The M1 Abrams Battle Tank armor personnel will be on site to discuss military careers

Nashville – The U.S. Army joins the ninth Annual Red White and Boom Fireworks Spectacular showcasing a 70-ton Army tank July 4 at the Putnam Country Fairgrounds in Cookeville.

An M1 Abrams Battle Tank, armor personnel and maintainers will be talking about their careers as M1 armor crewmembers, who operate, drive and maintain the weapon system. The Abrams is the Army’s primary ground combat system.

“I look forward to showing the tank to excited citizens and the capabilities it can do,” said Sgt. 1st Class Matthew Zimmermann, an armor crewmember instructor with the U.S. Army Armor School at the Maneuver Center of Excellence at Fort Moore, Georgia, (formerly known as Fort Benning).

Zimmerman, with 23 years of service with the U.S. Army, has witnessed the M1 Main Battle Tank evolve across different variants, which enhanced its digital capabilities with upgraded networking technology, a command-and-control system to provide commanders with vital information about their location in relation to friendly forces, a Common Remotely Operated Weapon Station (CROWS) with improved thermal vision, the ability to operate machine guns, and fire programable munitions.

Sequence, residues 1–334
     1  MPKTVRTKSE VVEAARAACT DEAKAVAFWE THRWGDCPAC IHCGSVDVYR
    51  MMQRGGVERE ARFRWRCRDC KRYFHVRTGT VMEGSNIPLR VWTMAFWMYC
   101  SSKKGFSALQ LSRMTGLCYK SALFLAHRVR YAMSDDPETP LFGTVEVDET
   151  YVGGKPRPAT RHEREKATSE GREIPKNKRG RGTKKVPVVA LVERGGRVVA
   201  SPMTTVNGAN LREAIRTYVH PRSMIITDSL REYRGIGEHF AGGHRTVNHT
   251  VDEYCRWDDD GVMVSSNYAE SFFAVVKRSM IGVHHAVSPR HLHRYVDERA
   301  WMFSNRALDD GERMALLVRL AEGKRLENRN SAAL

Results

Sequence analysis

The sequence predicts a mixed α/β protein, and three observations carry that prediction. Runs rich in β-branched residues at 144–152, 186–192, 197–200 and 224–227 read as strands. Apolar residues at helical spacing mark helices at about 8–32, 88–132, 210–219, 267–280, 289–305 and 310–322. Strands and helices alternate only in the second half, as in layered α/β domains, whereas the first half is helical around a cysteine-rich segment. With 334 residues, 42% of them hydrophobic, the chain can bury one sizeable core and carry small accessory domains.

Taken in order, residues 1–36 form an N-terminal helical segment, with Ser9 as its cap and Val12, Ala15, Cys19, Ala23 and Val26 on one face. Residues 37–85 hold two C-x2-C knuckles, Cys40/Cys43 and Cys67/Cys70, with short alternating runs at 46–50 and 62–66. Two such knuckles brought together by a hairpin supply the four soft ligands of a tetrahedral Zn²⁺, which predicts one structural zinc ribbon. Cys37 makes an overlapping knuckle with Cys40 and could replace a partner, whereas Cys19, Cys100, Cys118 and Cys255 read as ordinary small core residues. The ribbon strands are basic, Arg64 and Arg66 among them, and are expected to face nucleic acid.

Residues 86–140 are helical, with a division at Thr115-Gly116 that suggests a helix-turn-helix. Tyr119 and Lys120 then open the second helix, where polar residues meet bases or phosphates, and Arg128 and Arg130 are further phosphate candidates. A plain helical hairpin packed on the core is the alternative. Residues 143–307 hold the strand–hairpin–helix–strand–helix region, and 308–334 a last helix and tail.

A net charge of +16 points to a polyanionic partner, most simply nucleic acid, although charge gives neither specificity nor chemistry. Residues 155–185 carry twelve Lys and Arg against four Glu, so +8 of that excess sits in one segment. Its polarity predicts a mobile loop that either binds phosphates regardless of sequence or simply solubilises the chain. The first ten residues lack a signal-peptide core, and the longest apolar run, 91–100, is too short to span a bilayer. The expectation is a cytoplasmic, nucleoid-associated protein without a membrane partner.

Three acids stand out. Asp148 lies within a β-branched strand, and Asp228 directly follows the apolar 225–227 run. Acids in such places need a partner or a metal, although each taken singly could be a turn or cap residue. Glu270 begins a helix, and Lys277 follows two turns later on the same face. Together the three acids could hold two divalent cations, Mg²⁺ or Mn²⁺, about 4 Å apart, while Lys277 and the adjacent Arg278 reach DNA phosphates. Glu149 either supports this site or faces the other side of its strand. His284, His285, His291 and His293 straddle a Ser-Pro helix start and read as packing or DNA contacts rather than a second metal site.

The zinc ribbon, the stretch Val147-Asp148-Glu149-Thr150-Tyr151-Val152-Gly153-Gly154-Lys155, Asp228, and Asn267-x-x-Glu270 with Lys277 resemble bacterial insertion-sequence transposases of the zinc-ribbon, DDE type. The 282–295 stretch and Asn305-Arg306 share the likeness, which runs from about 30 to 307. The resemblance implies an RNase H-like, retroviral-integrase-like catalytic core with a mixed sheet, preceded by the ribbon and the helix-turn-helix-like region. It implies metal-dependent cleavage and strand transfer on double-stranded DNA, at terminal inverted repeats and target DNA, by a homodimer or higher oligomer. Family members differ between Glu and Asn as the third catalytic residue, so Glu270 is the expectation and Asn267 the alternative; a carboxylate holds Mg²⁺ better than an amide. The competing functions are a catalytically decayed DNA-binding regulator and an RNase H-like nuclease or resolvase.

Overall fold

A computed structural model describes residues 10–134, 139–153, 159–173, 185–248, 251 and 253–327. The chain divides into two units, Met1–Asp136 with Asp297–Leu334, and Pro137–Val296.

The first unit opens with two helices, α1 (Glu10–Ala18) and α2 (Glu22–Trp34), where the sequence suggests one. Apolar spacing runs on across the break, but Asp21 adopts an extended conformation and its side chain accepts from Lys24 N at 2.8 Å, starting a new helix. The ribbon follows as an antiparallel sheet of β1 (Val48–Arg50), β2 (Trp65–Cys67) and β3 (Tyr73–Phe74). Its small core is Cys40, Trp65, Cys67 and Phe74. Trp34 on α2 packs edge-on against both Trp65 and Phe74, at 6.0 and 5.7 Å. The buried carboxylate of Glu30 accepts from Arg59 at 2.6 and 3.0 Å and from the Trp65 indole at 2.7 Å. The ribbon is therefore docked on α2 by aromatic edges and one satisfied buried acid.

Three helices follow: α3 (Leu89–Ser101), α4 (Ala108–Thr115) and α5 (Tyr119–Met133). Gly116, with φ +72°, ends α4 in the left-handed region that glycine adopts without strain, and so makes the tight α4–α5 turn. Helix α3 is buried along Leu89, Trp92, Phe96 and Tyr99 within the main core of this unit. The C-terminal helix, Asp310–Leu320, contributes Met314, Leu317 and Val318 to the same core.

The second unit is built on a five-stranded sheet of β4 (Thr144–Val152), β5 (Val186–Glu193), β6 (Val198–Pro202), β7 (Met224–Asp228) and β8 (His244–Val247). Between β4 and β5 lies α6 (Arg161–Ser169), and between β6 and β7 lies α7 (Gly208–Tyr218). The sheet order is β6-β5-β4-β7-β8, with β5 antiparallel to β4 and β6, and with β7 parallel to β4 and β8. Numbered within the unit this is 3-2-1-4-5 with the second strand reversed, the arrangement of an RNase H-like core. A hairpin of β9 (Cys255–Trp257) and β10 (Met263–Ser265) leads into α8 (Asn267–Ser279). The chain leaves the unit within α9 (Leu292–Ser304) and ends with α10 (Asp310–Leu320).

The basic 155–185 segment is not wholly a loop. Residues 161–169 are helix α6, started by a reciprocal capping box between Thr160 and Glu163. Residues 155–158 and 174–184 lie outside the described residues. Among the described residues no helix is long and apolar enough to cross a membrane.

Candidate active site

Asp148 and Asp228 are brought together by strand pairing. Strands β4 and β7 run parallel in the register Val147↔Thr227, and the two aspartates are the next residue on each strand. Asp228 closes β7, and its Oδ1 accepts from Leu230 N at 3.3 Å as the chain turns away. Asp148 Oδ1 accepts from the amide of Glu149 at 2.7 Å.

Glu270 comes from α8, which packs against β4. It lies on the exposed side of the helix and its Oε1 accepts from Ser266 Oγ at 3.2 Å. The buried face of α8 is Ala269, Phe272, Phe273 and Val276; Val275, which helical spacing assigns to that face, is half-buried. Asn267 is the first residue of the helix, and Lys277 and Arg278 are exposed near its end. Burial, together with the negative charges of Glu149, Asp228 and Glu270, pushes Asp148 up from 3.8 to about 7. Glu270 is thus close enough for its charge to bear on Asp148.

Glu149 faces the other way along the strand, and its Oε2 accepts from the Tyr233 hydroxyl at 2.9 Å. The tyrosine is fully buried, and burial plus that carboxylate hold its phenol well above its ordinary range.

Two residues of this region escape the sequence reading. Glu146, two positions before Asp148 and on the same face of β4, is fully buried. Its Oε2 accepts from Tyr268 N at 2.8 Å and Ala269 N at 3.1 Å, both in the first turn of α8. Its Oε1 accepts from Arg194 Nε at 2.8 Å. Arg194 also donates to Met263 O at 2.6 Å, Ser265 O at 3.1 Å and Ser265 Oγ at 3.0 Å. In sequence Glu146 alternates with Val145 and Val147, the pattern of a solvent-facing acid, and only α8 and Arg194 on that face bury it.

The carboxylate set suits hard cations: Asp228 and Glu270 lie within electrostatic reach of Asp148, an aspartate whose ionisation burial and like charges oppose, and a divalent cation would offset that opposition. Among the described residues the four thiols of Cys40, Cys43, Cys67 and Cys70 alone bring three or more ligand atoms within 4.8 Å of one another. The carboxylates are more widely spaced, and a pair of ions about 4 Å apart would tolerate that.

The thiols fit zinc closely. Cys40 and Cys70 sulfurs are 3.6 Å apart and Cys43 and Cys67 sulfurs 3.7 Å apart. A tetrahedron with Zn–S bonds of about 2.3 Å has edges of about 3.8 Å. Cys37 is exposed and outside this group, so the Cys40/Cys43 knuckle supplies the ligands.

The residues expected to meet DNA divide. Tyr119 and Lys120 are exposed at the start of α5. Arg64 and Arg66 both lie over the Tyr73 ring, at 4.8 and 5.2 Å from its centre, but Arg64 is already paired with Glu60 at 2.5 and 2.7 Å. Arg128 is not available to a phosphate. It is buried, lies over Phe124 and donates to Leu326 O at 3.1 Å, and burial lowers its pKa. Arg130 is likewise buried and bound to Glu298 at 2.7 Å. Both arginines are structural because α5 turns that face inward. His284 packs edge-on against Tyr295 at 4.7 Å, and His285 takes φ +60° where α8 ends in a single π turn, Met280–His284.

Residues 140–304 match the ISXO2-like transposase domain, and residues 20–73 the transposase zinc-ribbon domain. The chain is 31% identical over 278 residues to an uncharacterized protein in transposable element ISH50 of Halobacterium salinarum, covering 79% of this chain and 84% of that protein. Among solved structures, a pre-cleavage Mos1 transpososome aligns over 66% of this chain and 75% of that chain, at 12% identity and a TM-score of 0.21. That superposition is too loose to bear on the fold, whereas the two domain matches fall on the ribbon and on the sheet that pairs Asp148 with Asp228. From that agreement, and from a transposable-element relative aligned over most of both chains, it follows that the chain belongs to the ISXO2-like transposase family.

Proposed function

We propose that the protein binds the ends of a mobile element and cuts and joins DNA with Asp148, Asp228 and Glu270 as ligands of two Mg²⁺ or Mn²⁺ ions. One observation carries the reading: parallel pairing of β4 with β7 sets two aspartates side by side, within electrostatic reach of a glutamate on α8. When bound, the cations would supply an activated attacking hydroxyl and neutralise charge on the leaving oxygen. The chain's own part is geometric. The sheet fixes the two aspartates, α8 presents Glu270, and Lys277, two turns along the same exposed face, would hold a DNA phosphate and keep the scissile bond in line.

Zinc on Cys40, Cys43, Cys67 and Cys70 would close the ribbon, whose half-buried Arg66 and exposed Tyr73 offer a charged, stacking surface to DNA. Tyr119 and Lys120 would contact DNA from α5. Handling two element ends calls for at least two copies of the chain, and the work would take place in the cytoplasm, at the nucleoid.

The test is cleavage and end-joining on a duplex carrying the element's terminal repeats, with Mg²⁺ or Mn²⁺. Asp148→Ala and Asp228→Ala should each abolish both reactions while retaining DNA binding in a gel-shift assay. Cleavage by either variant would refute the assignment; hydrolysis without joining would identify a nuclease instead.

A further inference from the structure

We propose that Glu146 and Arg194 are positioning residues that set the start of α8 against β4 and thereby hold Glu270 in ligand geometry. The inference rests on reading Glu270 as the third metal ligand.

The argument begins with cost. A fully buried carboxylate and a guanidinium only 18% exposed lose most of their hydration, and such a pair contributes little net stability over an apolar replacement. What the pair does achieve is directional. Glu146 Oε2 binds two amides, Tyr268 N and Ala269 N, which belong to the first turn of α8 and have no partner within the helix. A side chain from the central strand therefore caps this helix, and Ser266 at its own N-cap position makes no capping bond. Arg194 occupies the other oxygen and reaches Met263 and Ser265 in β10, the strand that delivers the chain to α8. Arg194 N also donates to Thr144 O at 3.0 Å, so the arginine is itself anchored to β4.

More than a century ago, tanks replaced horse-mounted cavalry with an armor-mechanized force leading into World War I. The current M1 Abrams Battle Tanks have been the weapon of choice since it proved its worth in the Gulf War, weighing 70 tons with a 120-milimeter main gun able to fire up to 3,000 meters. It has a turbine engine capable of up to 1,500 horsepower at a cost of $9 million each vehicle.

Local U.S. Army recruiter Staff Sgt. Dakota Tallent is a 2012 graduate from Cookeville High School who has served in the Army for 10 years. He said the tank would be well received by those attending the fair.

“We’re pretty far from any military base,” Tallent said. “I think they’ll like it.

“A lot of people don’t grasp how big they really are until they see it up close.”

Tallent said the tank would arrive late morning and be on display until 11 p.m. He urged those interested to stop by to see the tank and meet the Soldiers who operate it.

For more information, contact Wilson Rivera at or 615 871-4172.

Photo courtesy of the U.S. Army.

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